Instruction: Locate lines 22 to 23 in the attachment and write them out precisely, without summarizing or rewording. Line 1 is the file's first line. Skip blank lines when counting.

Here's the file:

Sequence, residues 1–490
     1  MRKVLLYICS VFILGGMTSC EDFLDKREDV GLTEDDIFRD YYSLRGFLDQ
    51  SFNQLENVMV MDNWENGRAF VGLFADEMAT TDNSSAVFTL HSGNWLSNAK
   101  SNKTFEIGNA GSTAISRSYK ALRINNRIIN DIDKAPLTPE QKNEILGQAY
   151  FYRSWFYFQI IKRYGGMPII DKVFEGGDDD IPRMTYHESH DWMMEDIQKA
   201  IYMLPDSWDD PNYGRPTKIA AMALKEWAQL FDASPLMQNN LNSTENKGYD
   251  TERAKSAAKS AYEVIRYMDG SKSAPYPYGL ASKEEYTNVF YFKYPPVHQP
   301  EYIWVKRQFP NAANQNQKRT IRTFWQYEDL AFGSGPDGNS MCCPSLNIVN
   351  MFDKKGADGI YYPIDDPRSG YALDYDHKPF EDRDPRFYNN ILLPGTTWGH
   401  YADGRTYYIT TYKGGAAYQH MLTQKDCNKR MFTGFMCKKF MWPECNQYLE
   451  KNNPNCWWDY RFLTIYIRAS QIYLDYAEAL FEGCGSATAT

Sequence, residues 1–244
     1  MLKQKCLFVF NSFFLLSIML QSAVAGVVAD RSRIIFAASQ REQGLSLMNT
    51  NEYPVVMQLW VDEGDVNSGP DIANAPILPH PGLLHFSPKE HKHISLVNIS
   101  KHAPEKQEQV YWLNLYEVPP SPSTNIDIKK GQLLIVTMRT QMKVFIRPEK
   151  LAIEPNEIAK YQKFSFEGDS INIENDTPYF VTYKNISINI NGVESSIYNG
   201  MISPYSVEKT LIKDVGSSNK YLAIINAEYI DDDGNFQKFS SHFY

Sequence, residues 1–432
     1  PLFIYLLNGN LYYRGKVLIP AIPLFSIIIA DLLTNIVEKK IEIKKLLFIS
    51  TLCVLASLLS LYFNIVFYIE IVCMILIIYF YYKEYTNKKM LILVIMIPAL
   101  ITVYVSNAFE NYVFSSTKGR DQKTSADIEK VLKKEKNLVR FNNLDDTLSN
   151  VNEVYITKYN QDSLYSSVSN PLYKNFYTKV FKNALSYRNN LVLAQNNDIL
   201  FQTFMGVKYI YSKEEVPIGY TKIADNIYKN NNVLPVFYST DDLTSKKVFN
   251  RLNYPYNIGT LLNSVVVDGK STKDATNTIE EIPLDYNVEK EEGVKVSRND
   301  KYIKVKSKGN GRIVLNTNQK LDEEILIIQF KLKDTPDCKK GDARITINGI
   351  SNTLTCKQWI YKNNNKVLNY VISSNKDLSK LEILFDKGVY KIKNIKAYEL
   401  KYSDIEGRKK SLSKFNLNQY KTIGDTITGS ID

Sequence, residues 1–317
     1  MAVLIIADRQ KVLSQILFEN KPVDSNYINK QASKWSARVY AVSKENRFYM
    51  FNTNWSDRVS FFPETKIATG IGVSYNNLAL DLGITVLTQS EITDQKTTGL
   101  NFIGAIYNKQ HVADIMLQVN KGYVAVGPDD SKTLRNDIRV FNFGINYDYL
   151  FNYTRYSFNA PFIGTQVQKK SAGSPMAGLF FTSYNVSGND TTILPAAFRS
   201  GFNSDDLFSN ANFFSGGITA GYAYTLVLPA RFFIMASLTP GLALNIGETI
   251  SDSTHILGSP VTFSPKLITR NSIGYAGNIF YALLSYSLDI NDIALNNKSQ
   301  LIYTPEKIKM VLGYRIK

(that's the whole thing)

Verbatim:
   151  VNEVYITKYN QDSLYSSVSN PLYKNFYTKV FKNALSYRNN LVLAQNNDIL
   201  FQTFMGVKYI YSKEEVPIGY TKIADNIYKN NNVLPVFYST DDLTSKKVFN